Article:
You will have more protections if your unit belongs to what is called an owners’ club or association. This is similar to a condominium board, giving the property’s owners a collective voice and strength in numbers. The owners’ club may also be helpful when you try to sell your unit.

Never pay an upfront deposit without having first identified and inspected the particular unit. You don’t want any unpleasant surprises when you show up for your vacation.

If you envision children or grandchildren vacationing with you, will they (or their parents) be able to afford the travel costs? If so, you may wind up not using your timeshare unit or points as much as you expect.

Ron Kelemen is the author of The Confident Retirement Journey and a certified financial planner with The H Group in Salem, Ore. His website is TheHGroup-Salem.com.

Article source: http://www.forbes.com/sites/nextavenue/2014/09/16/buying-a-timeshare-the-pros-and-cons/

Bad old days consigned to history as Timeshare concept booms

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She has travelled throughout Australia and had two trips overseas using her Timeshare, plus given away some weeks to family and friends as gifts.

According to Laura Younger, general manager of the Australian Timeshare and Holiday Ownership Council (ATHOC), the Timeshare concept has changed substantially since Ms Middlemass bought 25 years ago. The current incarnation of Timeshare involves a points system, rather than the original ‘sold out resort’ model, where participants became part-owner of a specific resort.

While the original system continues to operate, the new offerings involve purchasing points within a Timeshare group that can be used to stay at any of its resorts, or traded for use at accommodation owned by other Timeshare companies. The points can also be split up to be used a few days here or there, rather than requiring an entire week’s allocation to be used at once.

“If you don’t want to have holidays this year you can bank it to have more weeks in the future, or you can borrow from future weeks if you don’t have enough points now,” Ms Younger says.

“Depending on the (Timeshare) company they are with, they can (also) utilise those points for flights, for meals, for car hire and various other things.”

Ms Younger says the industry is booming and a 2012 Holiday Ownership Industry Economic Impact Study found high levels of consumer satisfaction.

“Over 75 per cent of owners surveyed indicated they were either very satisfied or satisfied with their Timeshare purchase.”

And the bad old days of suspect sales tactics are over with the product now regulated by ASIC, she says.

“It’s sold in a very different manner to the way it was sold in the past.”

Someone who remembers clearly how Timeshare was sold in the past is Peter Hay, managing director of Hay Property Group. Mr Hay witnessed the fallout in the 1980s, when Timeshare first arrived in Australia, as the first owners came to sell and were shocked to discover the market value of their Timeshare bore little resemblance to the price they had paid.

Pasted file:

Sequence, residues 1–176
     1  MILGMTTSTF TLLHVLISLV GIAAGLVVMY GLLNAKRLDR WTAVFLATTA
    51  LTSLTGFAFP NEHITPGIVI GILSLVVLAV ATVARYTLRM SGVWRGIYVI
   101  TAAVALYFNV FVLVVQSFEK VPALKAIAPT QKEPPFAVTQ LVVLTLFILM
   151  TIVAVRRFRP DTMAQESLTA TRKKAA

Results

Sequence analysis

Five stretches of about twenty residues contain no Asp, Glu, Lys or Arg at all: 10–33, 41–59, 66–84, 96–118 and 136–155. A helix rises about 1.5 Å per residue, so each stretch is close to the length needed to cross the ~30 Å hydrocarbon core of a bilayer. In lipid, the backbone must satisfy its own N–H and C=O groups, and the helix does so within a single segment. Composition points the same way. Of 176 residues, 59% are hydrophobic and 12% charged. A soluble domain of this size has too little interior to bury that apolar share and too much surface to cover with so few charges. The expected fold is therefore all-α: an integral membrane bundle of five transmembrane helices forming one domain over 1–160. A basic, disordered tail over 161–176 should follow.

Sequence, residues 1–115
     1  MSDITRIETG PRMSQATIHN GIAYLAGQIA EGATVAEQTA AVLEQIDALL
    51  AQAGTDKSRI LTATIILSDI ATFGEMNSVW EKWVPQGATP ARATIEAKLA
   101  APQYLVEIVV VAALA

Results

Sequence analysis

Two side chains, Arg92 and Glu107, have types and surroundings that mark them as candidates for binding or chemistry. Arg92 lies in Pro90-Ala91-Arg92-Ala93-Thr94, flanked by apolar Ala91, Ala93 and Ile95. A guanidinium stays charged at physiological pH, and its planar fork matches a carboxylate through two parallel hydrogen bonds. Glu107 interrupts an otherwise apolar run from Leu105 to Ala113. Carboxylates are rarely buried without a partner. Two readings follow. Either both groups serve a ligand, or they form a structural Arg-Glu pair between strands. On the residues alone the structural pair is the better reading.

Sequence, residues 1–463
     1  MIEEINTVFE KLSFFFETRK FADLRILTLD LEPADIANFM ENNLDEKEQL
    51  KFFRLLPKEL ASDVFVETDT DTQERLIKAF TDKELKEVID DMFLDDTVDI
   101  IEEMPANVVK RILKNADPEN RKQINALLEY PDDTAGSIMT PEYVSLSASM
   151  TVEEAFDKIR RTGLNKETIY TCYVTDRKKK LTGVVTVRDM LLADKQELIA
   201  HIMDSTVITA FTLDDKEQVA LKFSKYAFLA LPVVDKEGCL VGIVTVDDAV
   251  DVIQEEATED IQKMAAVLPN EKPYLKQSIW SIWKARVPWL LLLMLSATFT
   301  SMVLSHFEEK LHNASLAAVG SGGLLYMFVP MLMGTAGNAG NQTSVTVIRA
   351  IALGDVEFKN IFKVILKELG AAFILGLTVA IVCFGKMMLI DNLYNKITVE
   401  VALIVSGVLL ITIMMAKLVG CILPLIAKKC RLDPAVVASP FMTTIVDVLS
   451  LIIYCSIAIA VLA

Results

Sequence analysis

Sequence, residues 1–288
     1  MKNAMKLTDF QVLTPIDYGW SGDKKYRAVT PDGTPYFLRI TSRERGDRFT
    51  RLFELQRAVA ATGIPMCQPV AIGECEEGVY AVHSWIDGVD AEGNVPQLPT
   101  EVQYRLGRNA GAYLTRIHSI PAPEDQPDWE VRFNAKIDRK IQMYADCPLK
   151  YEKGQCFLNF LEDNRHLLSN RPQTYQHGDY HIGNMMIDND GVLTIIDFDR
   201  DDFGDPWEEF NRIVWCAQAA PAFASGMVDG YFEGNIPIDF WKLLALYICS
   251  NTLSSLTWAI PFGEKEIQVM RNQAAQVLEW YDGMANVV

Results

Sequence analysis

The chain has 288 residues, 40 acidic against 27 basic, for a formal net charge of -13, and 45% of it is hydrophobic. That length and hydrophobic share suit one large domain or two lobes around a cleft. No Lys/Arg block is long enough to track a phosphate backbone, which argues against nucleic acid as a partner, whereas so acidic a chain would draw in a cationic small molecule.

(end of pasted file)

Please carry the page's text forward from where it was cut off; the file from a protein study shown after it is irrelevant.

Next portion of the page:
“It worked out that a third was mostly the real estate value, a third was profit to the developer and a third was marketing cost.

“Originally it was viewed as an investment decision but it should have never been viewed as an investment decision. You’re buying a holiday – that’s all you’re doing – you’re not buying property and people get very confused about that.”

Mr Hay’s hot tip for those interested in Timeshare is to buy from a reseller, via platforms like eBay, or online Timeshare resellers, so you aren’t subsidising the developer’s marketing costs and profit margin.

Financial planner Peter Horsfield bought Timeshare from a developer’s presentation back in 2001. “We thought it’s going to be a long-term lifestyle decision that would force us to take holidays because we have to use it.”

The couple have used it, but he’s also aware that the rise of online discount accommodation sites like Lastminute and Trivago is eroding Timeshare’s claim of cushioning purchasers against rising travel costs.

“They do give Timeshare a run for its money.”

In hindsight, Mr Horsfield says he would have bought on the secondary market, like Jenny Idzes and her husband Martin, who sold their Timeshare last year after 14 years’ ownership.

“A friend of ours had Timeshare at Yarrawonga and they were always saying how wonderful it was, so when one came up we thought we would buy it. For $1200, it was cheap to buy and we thought (Yarrawonga) would be our base to bank (time) and go elsewhere,” Ms Idzes says.

But the couple, who are keen caravanners, felt constrained by the lack of accommodation in some parts of Australia and, with a $495 annual maintenance fee plus transfer fees, Mrs Idzes says she found better deals online.

“We put it on the market in May and it sold in July for $2500, but it had four weeks with it. We virtually got back what we had paid for it, plus the weeks.”

What to consider

Will you use it?

Can you afford the associated travel cost?

How many locations does it give you access to?

How far ahead can you book?

How many bedrooms are included?

How many people can stay?

What resort facilities are available?

How does it compare to online offerings?

What are the annual maintenance fees?

Are there housekeeping and transfer fees?

If you don’t use it, can you rent it out?

How long is the lease (if it’s a specific property)?

Buy on the secondary market?

Seek legal advice before buying.






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Article source: http://www.brisbanetimes.com.au/domain/real-estate-news/bad-old-days-consigned-to-history-as-timeshare-concept-booms-20140805-10055l.html